“My preparation has gone well,” said Yamauchi, who is living and training in Tokyo to prepare for next year’s Olympic Games in Beijing. “If it’s hot on Sunday it will be good practice for the World Championships that I want to run in Osaka. I’m hoping to get into a fast group that goes through halfway in 71:30.”


And the Commonwealth 10,000m silver medallist is not burdened by superstition: “I flew in last Friday, the 13th. That kind of thing doesn’t spook me – I was born on a 13th (August).”


Kathy Butler (Windsor, Slough, Eton and Hounslow AC), who has a best of 2:28:39, was just happy to get out of her frequently snow-bound training base in the USA without problems.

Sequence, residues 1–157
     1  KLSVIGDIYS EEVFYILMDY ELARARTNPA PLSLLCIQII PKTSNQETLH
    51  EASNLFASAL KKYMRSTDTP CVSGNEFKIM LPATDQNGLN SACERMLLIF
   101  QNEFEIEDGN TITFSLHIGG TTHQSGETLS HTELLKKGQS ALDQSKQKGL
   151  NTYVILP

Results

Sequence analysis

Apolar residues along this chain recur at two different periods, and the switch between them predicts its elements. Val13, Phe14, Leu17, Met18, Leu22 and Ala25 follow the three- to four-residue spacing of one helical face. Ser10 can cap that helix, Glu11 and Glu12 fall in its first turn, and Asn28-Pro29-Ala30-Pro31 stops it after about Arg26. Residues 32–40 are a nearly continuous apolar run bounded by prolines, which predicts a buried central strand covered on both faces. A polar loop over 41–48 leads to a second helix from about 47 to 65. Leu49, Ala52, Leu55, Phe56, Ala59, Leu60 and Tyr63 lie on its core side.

She said: “We had a lot of snow. I had a heavy fall when the weather was at its worst. But the last month and a half has not been too bad. That said, we feared we wouldn’t be able to fly out a week and a half ago. Several airlines cancelled their flights because a bad storm was forecast. But our flight went ahead OK.


“I think I’m in PB shape. It depends on how the race goes and the conditions, of course. And it’s only going to be my third marathon. It’s still all quite new to me.”


Liz Yelling (Bedford and County AC), the Commonwealth marathon bronze medallist, will be looking to lower her PB of 2:30:58 – and earn another ‘champion’s dinner’ from husband Martin.


She explained: “Every time I win we go out for what we call a champion’s dinner – and in my preparations for London, I’ve run three half marathon course records and won the English National Cross Country Championship.”